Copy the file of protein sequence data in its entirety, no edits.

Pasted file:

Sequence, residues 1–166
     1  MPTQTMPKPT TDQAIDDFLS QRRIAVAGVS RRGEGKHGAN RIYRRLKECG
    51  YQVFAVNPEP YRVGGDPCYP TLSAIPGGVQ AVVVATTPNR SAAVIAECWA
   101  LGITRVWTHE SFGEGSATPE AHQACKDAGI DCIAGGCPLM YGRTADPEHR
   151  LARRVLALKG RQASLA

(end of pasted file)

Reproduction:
Sequence, residues 1–166
     1  MPTQTMPKPT TDQAIDDFLS QRRIAVAGVS RRGEGKHGAN RIYRRLKECG
    51  YQVFAVNPEP YRVGGDPCYP TLSAIPGGVQ AVVVATTPNR SAAVIAECWA
   101  LGITRVWTHE SFGEGSATPE AHQACKDAGI DCIAGGCPLM YGRTADPEHR
   151  LARRVLALKG RQASLA